Today, the U.S. Supreme Court held that human genes are not patent eligible subject matter under 35 U.S.C. §101 simply because they have been isolated from the surrounding genetic material. The Court’s opinion was directed only to claims directed to compositions of matter and not to claims directed to methods.
In Association for Molecular Pathology et al. v. Myriad Genetics et al., the Supreme Court in a unanimous decision affirmed in part and reversed in part the Federal Circuit’s judgment that both isolated DNA and cDNA were patent eligible under §101. The Supreme Court held that “a naturally occurring DNA segment is a product of nature and not patent eligible merely because it has been isolated, but that cDNA is patent eligible because it is not naturally occurring.”
As background, Myriad discovered the precise location and sequence of the BRCA1 and BRCA2 genes, mutations in which can dramatically increase the risk of developing breast and ovarian cancer. Knowledge of the location of the BRCA1 and BRCA2 genes allowed Myriad to develop medical tests useful for detecting the mutations and determine whether a patient had an increased risk of cancer. Myriad was subsequently issued several patents. A representative claim recited “[a]n isolated DNA coding for a BRCA1 polypeptide,” which has “the amino acid sequence set forth in SEQ ID NO:2.”
The Supreme Court explained the issue as follows:
Myriad did not create or alter any of the genetic information encoded in the BRCA1 and BRCA2 genes. The location and order of the nucleotides existed in nature before Myriad found them. Nor did Myriad create or alter the genetic structure of DNA. Instead, Myriad’s principal contribution was uncovering the precise location and genetic sequence of the BRCA1 and BRCA2 genes within chromosomes 17 and 13. The question is whether this renders the genes patentable.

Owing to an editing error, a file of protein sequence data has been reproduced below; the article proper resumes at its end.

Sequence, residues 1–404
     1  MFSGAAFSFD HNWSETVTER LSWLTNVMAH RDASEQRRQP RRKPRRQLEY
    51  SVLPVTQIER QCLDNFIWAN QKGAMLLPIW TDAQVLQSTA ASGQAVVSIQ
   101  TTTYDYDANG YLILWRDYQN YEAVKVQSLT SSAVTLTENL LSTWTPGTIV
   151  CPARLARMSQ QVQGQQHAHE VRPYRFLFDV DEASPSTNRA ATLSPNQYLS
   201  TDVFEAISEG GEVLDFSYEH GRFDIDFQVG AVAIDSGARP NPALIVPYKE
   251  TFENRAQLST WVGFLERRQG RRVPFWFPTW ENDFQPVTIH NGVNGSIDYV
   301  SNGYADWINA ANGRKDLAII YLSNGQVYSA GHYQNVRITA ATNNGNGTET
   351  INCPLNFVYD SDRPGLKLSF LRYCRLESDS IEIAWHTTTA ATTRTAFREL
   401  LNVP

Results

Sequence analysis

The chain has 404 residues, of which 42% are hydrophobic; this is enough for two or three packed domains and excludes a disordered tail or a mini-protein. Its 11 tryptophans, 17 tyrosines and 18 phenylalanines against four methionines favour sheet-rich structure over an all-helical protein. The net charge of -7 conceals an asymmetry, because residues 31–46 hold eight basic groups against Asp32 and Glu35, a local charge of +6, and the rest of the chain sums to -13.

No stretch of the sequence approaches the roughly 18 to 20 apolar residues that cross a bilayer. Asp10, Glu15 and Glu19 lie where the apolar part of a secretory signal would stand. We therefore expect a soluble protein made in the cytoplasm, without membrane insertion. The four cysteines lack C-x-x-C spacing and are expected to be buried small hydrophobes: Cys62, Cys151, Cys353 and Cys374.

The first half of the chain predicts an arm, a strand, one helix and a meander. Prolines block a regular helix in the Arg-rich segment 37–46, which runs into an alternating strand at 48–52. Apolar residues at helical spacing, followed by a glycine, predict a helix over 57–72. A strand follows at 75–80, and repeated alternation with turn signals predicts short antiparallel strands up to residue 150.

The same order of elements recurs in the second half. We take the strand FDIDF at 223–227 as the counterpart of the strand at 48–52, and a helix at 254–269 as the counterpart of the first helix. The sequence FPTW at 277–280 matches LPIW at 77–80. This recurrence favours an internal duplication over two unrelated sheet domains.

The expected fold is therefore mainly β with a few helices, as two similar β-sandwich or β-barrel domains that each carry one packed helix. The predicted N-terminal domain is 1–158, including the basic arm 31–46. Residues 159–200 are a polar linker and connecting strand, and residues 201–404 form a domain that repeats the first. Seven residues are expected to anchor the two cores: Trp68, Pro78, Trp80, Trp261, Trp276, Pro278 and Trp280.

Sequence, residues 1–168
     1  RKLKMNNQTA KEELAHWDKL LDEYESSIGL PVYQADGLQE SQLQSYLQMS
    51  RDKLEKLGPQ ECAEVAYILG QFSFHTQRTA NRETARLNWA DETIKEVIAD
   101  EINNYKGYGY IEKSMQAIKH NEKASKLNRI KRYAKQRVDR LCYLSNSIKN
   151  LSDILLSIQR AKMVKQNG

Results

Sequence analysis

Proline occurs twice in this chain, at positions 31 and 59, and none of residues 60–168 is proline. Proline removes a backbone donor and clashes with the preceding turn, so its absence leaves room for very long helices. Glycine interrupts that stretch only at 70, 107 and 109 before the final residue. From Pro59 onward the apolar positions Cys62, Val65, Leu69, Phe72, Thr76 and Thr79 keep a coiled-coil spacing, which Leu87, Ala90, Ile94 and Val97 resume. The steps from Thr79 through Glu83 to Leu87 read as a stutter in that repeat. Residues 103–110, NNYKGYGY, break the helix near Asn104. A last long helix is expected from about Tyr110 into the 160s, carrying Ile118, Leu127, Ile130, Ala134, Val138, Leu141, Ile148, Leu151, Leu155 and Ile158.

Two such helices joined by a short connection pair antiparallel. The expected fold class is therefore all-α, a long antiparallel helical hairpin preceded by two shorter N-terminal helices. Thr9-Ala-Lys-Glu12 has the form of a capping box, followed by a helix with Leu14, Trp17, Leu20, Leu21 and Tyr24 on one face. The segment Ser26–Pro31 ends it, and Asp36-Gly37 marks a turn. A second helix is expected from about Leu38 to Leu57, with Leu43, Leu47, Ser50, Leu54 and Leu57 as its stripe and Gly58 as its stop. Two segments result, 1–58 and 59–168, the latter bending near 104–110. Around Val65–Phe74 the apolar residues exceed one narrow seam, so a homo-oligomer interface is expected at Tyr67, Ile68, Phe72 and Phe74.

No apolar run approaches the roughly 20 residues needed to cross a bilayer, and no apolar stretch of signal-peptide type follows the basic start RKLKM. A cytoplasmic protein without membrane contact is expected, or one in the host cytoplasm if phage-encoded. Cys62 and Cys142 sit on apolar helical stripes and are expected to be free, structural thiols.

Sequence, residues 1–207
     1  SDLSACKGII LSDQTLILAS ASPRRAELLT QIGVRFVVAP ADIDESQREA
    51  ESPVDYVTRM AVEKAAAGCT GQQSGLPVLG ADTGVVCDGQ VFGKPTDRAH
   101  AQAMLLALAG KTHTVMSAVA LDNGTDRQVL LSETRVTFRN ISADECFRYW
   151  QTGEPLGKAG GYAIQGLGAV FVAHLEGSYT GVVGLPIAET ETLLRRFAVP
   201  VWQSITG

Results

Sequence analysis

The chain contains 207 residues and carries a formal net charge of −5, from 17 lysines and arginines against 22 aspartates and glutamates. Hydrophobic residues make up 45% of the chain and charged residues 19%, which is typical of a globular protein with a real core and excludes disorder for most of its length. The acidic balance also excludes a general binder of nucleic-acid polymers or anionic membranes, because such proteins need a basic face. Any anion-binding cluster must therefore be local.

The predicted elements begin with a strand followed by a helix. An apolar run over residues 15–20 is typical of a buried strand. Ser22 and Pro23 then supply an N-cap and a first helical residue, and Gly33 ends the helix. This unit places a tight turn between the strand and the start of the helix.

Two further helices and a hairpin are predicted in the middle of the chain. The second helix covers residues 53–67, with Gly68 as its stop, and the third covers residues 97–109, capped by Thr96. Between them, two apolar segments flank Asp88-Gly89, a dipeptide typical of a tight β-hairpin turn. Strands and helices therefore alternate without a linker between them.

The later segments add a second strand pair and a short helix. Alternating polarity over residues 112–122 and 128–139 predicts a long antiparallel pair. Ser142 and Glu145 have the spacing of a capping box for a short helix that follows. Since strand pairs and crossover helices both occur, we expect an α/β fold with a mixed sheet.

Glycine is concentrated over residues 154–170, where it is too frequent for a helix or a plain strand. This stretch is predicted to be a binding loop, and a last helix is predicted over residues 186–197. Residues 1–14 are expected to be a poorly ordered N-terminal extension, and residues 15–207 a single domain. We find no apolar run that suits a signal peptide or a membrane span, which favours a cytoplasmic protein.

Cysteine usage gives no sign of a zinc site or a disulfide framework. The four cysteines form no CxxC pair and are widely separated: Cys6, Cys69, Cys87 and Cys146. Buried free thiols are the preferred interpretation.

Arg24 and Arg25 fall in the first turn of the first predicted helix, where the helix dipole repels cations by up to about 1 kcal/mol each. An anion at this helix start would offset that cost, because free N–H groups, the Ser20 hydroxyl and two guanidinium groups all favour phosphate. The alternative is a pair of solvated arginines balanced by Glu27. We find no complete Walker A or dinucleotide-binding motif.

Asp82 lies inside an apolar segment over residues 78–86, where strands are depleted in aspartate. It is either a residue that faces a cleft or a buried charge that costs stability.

The Supreme Court concluded that although isolating DNA from the human genome severs chemical bonds thereby creating a non-naturally occurring molecule, Myriad’s claims were not expressed in terms of chemical composition. Rather, the Court stated that the claims focus on the genetic information encoded in the BRCA1 and BRCA2 genes and not with the specific chemical composition of a particular molecule. The Court also dismissed Myriad’s argument that the PTO’s past practice of awarding gene patents is entitled to deference, noting that the United States argued in the Federal Circuit and in the Supreme Court that isolated DNA was not patent eligible under §101.
Regarding cDNA, the Court stated that it does not present the same obstacles to patentability as naturally occurring, isolated DNA segments, because creation of a cDNA sequence from mRNA results in an exons-only molecule that is not naturally occurring. As a result, the Court held that cDNA is not a “product of nature” and is patent eligible under §101, except when a very short segment of DNA that has no intervening introns to remove when creating cDNA. In that case, such a short strand of cDNA may be indistinguishable from natural DNA. The Court, however, noted that they were not commenting on whether cDNA was patentable under other sections of the patent statute.
It is very important to note what was not implicated by this decision. First, there were no method claims before the Supreme Court in this case. The Court noted that methods involving manipulating genes while searching for the BRCA1 and BRCA2 genes could possibly be patentable, but yet appeared to question their lack of obviousness. In addition, methods of using the genes may also be patentable. Second, the Court noted that this case did not involve patents on new applications of knowledge about the BRCA1 and BRCA2 genes. Of course, the validity of diagnostic claims is presently being questioned in the Prometheus line of cases. Third, the Court also did not consider the patentability of DNA in which the order of the naturally occurring nucleotides has been altered.
The complete decision can be found at http://www.supremecourt.gov/opinions/12pdf/12-398_8njq.pdf.